The tastes of Italy

September 12, 2004|by KATE COLEMAN

The flavors of Italy are in the words as well as the foods of Edda and Aldo Della Mea of Hagerstown.

In beautifully accented English in their home in Hagerstown's North End, the couple shared their story of emigrating from their homes in northeastern Italy - first to Toronto, Canada, later to Maryland.

The couple, who married in 1964, met in Canada. Their families knew each other in Italy, but the pair did not, Edda Della Mea said. Their four children - daughters Georgina and Francesca and sons Carlo and Victor - were born in Toronto.

Aldo Della Mea worked as a construction engineer and came to Hagerstown to build a factory in 1972. His wife and four children followed in 1973.


In the early 1980s, the couple opened Edda's Deli on Northern Avenue in Hagerstown. For four years, Edda Della Meo baked and sold crusty loaves of bread, Italian sauces and specialty dishes such as her lasagna. The shop also stocked a variety of pastas, olive oils, cans of tomatoes and tomato sauces.

Victor Della Mea said he's gotten into cooking lately. His sister, Francesca, said he'll open a deli someday.

"He just doesn't know it yet," she said.

Staff Writer Kate Coleman recently joined members of the Della Mea family in their kitchen, which was fragrant with the bread Aldo Della Mea had baked that morning.

Who does most of the cooking? Do you both cook?

Edda: I think we do the same amount. When I'm tired of cooking, he takes over.

Who cooked when you had the deli?

Edda: I did.

Aldo: I made the bread sometimes.

Where did you learn to cook?

Aldo: It's the DNA, you know.

Edda: He was forced to work ... for the Germans. He was what? How old?

Aldo: Figure it out ... '42. I was 15 years old. I used to cook ... it was tough. It was the German occupation.

Did you cook with your mom as a kid?

Aldo: My father was an engineer. My mother, she cooked, but there was nothing to cook in the war, you know.

When did you learn to cook?

Edda: After I got married. Never cooked before. The kitchen was not my strong point.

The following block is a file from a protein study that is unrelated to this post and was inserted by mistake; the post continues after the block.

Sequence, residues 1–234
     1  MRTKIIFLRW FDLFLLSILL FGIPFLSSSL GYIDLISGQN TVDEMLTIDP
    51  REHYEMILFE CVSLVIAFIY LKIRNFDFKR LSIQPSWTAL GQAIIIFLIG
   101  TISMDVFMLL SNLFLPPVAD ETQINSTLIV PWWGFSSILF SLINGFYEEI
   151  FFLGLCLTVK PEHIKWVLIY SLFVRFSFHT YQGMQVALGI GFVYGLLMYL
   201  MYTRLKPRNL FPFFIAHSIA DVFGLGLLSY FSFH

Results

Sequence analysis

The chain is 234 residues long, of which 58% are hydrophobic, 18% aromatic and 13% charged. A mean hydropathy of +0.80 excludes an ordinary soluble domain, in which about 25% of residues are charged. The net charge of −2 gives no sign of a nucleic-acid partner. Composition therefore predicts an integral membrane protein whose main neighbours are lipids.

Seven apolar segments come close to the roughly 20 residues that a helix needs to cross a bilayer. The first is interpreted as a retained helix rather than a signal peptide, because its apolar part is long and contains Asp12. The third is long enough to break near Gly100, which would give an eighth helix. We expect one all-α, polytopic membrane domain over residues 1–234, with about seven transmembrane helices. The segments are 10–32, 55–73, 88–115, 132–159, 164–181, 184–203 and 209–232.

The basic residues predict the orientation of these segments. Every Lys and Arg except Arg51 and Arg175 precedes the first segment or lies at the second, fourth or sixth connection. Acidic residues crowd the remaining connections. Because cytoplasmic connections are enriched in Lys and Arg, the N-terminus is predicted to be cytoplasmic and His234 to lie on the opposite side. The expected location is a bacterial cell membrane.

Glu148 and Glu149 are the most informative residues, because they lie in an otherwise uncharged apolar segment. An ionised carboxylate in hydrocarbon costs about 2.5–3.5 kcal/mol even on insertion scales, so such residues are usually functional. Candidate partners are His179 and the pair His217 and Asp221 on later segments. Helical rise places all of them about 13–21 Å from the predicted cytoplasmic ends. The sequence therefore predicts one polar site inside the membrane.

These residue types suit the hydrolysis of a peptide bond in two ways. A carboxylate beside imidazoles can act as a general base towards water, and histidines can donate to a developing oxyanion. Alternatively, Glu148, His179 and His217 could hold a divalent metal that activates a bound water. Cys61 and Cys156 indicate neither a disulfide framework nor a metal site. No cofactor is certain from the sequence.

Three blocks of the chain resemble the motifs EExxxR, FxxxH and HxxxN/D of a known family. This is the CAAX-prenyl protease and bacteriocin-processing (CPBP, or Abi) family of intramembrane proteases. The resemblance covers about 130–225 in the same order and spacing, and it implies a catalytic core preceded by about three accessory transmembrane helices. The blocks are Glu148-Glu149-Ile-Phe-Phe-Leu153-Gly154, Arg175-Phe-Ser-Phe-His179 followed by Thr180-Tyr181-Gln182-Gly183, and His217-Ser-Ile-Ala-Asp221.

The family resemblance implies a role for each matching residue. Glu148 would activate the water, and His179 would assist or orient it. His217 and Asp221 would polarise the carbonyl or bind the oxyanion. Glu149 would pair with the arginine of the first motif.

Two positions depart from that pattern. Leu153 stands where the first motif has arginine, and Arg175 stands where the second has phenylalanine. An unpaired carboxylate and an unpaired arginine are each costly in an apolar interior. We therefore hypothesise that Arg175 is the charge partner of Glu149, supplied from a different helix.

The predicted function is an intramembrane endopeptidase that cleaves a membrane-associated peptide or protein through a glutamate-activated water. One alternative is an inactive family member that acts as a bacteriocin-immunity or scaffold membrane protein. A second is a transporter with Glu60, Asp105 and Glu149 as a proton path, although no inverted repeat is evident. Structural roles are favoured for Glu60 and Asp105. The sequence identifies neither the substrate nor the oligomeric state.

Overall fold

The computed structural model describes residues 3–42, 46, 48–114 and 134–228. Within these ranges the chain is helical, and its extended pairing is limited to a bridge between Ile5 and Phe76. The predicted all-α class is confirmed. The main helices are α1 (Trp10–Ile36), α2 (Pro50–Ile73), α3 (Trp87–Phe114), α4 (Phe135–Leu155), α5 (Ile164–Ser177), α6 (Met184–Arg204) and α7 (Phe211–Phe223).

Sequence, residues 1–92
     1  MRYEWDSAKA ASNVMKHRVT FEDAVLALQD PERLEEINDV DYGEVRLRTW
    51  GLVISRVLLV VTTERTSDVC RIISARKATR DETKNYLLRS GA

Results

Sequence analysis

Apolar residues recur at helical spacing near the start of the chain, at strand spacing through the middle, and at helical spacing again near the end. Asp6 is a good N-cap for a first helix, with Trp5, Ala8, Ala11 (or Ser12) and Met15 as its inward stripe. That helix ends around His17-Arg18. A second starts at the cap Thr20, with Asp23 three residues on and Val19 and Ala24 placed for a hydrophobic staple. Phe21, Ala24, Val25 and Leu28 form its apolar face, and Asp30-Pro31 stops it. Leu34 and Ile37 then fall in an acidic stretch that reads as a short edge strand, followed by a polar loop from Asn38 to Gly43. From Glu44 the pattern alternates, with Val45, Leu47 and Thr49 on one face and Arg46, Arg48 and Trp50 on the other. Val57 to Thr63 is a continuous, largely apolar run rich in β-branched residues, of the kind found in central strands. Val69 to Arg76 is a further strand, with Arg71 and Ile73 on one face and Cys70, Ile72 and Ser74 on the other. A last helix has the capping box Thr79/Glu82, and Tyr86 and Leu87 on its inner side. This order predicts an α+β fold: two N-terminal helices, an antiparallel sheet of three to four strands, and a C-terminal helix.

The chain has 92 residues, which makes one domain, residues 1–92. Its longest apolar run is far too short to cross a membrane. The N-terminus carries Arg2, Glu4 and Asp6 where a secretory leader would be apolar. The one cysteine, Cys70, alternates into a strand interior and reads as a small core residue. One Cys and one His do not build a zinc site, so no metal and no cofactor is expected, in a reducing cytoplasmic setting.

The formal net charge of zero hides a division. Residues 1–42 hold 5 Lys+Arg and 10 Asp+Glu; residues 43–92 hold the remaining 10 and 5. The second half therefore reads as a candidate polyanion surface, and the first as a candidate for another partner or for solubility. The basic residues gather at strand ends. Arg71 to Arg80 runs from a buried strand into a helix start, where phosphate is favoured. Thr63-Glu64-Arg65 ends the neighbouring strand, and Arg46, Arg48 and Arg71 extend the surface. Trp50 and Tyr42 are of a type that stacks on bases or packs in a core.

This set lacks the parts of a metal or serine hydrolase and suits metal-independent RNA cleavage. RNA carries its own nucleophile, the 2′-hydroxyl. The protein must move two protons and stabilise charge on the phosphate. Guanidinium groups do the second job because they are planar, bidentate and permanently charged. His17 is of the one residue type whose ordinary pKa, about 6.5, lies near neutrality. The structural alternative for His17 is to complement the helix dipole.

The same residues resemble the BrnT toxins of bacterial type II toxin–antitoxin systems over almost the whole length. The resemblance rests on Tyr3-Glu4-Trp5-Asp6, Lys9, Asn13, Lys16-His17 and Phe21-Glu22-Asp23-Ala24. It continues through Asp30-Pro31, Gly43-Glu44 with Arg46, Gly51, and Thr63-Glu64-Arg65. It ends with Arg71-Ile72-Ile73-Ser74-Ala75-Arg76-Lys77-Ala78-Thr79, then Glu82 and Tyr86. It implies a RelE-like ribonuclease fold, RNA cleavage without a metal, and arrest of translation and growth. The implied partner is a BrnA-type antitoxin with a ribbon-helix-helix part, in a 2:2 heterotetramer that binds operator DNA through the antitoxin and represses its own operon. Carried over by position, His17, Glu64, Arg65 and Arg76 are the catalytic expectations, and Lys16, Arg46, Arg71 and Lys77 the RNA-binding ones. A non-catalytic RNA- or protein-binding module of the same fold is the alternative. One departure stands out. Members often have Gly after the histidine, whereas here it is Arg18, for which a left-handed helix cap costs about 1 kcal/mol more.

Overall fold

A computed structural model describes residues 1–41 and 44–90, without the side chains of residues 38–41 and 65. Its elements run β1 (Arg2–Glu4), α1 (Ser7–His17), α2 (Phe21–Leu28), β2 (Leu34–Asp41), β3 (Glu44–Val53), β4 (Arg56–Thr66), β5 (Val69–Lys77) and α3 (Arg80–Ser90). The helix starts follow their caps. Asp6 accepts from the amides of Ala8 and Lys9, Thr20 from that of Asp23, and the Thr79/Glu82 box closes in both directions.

What was?

Fix things. Knitting things. In a way, I'm like my mother. She was an excellent (seamstress). She used to make all our clothes and crochet and knit. But don't put her in front of a pan. She hated it. I learned a lot after I got married.

How did you learn? Did Aldo teach you how to cook?

Edda: A little bit. And I went to school, and my school was (home economics) in Italy. They taught us a little bit - basics.

Not Edda's lasagna?

Edda: No, I learned that from my books, from my sister in Canada. When I had problems, I used to call her up, and she'd tell me what to do.

What do we have here?

Edda: It's polenta.

That's a grain, right? Is it cornmeal?

Edda: Yes, cornmeal.

And prosciutto, salami, Montasio, Friulano Parmesan (cheeses).

Where do you get your cheeses?

Edda: Canada.

Do you still have family up there?

Edda: My sister and a brother.

Edda: During the war, that was our main meal. Cheese and polenta was the every-night meal.

Francesca: Now - for me and my sister - we go crazy for it.

Victor: You can use this ...

Francesca: In the morning, you can fry it up in butter.

Is it a comfort food?

Francesca: It was one of her (daughter Elena, 2 years old) first foods. All the kids like it.

Edda: I used to feed it to them when they were small - polenta with tomato sauce. And they loved it.

Do you have a favorite thing you like to eat?

Edda: Cheese and bread.

Aldo: Baccala! (Baccala is dried salt cod.)

What is something that friends or family like and request?

Edda: One granddaughter likes gnocchi. And one likes tortellini.

How is the food different in Italy?

Edda: Very nice.

Aldo: More elaborate. Over there, it is a culture. Food is a culture.

Edda: They like to have the table set, they like to sit down and have the first and second and the third (courses) and the wine and the coffee. It's not hit-and-run like here.

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